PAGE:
A range of different workplace now ensure that they are able to randomly drug test anyone in the workplace. We commonly see this practice in workplace with heavy machinery or driving. However, it is not exclusive to this type of work, and even office workers can sometimes be drug tested. Generally speaking, urine tests are used to detect drugs. Through this test, a stick is dipped in urine, which changes color depending on the drugs that are present. These tests are increasingly common, but it is very rare for businesses to truly look at the pros and cons of doing them. As such, it may be interesting to review what the advantages and disadvantages actually are.
The biggest benefit is, of course, that it should reduce the number of people who attend work while under the influence of drugs. It is hoped that, on some level, it may discourage people from doing drugs at all. In a sense, it is a fear element due to the fact that the tests are done at random, meaning people never feel like they can take drugs and get away with it. Also, it is very easy to take these tests meaning they won’t cause downtime in the workplace. This means that there are no significant financial impacts of doing the tests either. The biggest benefit, however, is that the tests should, in theory, make the entire workplace safer.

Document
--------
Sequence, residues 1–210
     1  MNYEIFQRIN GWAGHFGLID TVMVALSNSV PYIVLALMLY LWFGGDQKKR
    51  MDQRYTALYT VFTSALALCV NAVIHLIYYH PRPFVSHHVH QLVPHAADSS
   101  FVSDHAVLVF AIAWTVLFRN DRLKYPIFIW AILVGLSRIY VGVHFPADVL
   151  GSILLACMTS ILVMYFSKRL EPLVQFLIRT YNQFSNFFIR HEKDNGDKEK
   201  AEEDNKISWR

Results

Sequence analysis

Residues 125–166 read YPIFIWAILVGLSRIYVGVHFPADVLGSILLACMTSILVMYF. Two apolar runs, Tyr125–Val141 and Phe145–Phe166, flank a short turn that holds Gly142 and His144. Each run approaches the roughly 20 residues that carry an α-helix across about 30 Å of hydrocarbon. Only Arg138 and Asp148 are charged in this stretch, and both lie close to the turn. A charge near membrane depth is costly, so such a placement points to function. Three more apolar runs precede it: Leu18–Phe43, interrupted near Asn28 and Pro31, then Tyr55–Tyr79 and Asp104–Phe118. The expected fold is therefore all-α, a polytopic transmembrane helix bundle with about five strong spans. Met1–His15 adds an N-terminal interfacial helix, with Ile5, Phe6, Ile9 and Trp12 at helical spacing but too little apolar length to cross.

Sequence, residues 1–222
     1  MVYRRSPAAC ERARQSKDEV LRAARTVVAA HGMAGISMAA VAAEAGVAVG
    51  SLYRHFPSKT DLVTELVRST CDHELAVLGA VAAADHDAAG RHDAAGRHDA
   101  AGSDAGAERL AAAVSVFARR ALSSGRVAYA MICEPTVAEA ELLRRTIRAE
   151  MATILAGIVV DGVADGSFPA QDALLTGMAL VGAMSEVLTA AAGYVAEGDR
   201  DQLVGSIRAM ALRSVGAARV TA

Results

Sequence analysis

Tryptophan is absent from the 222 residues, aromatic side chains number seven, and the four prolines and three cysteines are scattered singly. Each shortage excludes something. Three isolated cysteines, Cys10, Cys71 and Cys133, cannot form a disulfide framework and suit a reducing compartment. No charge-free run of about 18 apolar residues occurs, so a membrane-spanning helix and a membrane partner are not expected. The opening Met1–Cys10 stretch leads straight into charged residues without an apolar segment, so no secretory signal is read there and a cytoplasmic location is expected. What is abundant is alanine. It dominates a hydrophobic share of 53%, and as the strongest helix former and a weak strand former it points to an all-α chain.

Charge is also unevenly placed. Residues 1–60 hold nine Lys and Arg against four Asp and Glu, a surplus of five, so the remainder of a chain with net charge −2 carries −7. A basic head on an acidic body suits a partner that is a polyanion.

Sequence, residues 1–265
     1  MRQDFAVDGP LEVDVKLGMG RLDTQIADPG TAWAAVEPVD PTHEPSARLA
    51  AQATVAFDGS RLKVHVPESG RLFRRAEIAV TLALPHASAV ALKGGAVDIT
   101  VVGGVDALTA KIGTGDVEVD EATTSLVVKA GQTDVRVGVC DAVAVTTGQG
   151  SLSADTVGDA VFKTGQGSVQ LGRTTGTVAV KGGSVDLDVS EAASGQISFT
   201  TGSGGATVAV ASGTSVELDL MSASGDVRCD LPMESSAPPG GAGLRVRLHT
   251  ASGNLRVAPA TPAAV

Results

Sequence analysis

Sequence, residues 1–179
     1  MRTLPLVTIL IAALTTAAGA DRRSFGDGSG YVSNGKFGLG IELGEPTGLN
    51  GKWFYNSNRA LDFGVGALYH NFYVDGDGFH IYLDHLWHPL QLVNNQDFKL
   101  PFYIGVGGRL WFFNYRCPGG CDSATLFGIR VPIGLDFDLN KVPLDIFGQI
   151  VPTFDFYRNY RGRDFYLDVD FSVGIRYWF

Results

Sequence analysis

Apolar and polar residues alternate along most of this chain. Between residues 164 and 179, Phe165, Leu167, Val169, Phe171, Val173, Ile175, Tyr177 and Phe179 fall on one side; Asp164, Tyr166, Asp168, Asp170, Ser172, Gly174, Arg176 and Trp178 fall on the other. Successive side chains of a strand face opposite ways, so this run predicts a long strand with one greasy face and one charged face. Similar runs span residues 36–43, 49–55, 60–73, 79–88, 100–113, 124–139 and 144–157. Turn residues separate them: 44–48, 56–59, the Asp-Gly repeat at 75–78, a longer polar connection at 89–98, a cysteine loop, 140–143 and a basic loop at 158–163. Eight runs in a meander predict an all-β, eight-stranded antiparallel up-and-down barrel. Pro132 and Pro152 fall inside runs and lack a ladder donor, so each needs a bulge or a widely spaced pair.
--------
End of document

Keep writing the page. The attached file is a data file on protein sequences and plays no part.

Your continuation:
However, a number of important disadvantages are also associated with these tests. Firstly, there is the test itself. In fact, when taking a urine test, most substances will no longer be detected 24 hours after they were consumed. Most people who take drugs are aware of this and will hence take their substances on a Friday, meaning they will be invisible by Monday. There are tests that can be done instead, but only the DNA test is really any better, and these are incredibly expensive. Another really big problem is that drug tests significantly reduce employee engagement. This is because employees feel as if they are not trusted, and guilty until proven innocent. When considering the vast majority of employees will indeed be clean of substances, this is an understandable reaction. For many, these types of workplaces are not showing any trust in their workers, which means they won’t give any back either. So should employers simply stop giving drug tests? Only you can decide whether the pros outweigh the cons. What is recommended, however, is that introducing the tests should be done in consultation with employees. By doing this, employees will not feel as if they are on trial and they will be more engaged.